What is bankruptcy?
Bankruptcy allows debtors who cannot pay their bills to get a fresh financial start by either eliminating debts or reorganizing their debts for repayment. Federal law provides the right to file for bankruptcy protection and bankruptcy court handles all bankruptcy cases. When debtors file for bankruptcy, the law prevents their creditors from seeking to collect debts until the court or trustee administers the bankruptcy estate.
How does bankruptcy work?
Generally, an individual debtor filing for bankruptcy can either file under Chapter 7 or Chapter 13 of the Bankruptcy code. Chapter 7 allows you to eliminate most, if not all, of your unsecured consumer debt. This includes credit card debt, medical bills, past due utility bills, and other unsecured loans. The debtor keeps all exempt property and any unexempt property will most likely be sold for cash for the trustee to pay to the creditors. Nevada has a list of exemptions that a debtor may use in a Chapter 7 bankruptcy filing. You must have lived in Nevada for at least 2 years to claim Nevada exemptions.
For those debtors with a house or a car to save from repossession or foreclosure, Chapter 13 may help. Chapter 13 essentially reorganizes your debts by making an affordable payment plan for the debtor to repay creditors. A trustee collects these payments from the debtor and is responsible for paying the creditors. The trustee also assures that the debtor is abiding by the terms of the payment plan. The bankruptcy is not complete, or “discharged,” until the terms of the repayment plan are met. The plans last 3 or 5 years. The benefit of a Chapter 13 filing is that the debtor is usually allowed to retain their property. However, the debtor must have a sufficient, regular source of income and agree to the terms of the repayment plan. Chapter 13 allows the debtor to cure the arrearage on any house or car payment during the plan period.
Can I file for bankruptcy?
Generally speaking, if an individual makes over the median income level, he or she will be required to file under Chapter 13. Individuals will also be required to meet a means test that will be used to measure their ability to repay their debts.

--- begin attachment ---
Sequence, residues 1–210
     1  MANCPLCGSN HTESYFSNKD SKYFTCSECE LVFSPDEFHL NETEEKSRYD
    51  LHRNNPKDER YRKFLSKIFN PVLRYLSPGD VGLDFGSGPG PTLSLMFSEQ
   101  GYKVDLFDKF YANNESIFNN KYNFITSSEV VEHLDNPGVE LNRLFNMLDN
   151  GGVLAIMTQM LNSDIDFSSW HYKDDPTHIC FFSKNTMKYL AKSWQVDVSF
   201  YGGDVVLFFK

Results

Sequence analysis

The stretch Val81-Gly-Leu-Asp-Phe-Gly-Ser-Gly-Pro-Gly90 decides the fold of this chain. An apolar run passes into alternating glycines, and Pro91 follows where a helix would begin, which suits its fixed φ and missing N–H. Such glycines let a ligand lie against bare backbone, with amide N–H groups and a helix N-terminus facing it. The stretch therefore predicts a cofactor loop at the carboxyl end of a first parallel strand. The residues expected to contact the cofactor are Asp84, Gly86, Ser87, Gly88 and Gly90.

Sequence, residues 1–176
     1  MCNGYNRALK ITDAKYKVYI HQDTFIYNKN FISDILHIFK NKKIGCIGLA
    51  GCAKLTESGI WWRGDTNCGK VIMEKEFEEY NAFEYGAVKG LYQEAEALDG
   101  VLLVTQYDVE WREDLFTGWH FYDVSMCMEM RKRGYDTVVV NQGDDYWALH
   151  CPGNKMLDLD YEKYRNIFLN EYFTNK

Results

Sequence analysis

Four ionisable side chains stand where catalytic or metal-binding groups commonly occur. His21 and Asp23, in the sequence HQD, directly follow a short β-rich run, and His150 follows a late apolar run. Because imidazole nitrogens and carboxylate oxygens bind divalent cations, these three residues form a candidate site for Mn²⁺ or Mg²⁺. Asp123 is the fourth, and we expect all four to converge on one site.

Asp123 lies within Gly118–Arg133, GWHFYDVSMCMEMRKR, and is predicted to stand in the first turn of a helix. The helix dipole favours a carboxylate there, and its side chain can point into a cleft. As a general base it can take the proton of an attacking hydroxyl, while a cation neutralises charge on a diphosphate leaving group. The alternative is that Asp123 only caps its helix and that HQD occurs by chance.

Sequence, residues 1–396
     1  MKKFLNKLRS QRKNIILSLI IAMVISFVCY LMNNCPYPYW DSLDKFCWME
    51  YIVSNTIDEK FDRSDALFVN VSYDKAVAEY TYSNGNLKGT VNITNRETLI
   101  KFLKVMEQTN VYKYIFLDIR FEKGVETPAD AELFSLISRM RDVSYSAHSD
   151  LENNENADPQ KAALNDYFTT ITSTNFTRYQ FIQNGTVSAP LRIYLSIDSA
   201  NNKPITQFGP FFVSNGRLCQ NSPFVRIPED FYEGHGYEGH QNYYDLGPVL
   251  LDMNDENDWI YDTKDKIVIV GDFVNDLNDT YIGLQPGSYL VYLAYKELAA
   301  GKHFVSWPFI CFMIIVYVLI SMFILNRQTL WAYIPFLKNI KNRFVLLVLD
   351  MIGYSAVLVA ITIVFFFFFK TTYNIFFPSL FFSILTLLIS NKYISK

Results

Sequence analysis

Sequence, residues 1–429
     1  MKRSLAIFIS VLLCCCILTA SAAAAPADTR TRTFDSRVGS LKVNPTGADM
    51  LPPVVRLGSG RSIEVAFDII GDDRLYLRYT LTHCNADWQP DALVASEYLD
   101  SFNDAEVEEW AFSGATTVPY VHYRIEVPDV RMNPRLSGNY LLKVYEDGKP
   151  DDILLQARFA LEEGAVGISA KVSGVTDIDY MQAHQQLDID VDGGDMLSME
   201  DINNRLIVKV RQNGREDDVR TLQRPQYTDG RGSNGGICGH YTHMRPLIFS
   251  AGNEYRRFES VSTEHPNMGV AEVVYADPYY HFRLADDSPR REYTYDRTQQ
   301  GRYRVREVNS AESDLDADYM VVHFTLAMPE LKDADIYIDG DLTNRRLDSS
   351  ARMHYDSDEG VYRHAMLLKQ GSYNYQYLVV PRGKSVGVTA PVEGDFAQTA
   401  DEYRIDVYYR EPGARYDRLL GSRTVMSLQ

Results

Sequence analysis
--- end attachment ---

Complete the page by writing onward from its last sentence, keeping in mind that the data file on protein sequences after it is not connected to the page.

More information about filing for bankruptcy in Nevada can be found at the website for the U.S. Bankruptcy Court, District of Nevada. The Federal Courts also provide information on Bankruptcy Basics.
What property will be exempted from my bankruptcy proceeding?
Nevada Revised Statute 21.090 contains a list of all property that is exempt from the bankruptcy estate. The following is a non-comprehensive list of property that is exempt in Nevada:
- One car with equity up to $15,000 (not exempt from car finance company)
- Necessary household furnishings, electronics, goods, and appliances up to $12,000.
- Private libraries, works of art, jewelry, musical instruments up to $5,000.
- Life insurance with annual premiums of $15,000 or less.
- Pensions, IRA, 401(K) plans, etc. up to $1,000,000.
- Homestead equity in debtor’s primary residence up to $605,000. If you owned your home for approximately 3 years and 4 months before filing the Petition, you may only exempt $146,450. Also, the property is not exempt from the mortgage company.
- Equipment, inventory, and tools needed to carry on debtor’s business up to $10,000.
- Child support and alimony received.
- Security deposits paid to a landlord.
- 75% of earned wages if you earn more than $770 per week and 81% if you earn less
- Public benefits.
- Social Security Income the debtor has not spent.
- Personal injury settlements up to $16,150 (pain and suffering and lost wages compensation are not capped and are exempt.)
- Portion of tax return derived from the earned income tax credit.
- “wild card” exemption of $10,000.
What kinds of debt cannot be discharged through bankruptcy?
There are several types of debt that generally cannot be discharged. Some examples include:
- Any type of domestic support obligation such as child support or alimony or any debt included in a divorce decree
- For Chapter 13 filings, certain taxes such as withholding taxes if you had employees
- Debts obtained through fraud
- Debts for willful and malicious injury
- Debts incurred for fraud while working in a fiduciary capacity, or for embezzlement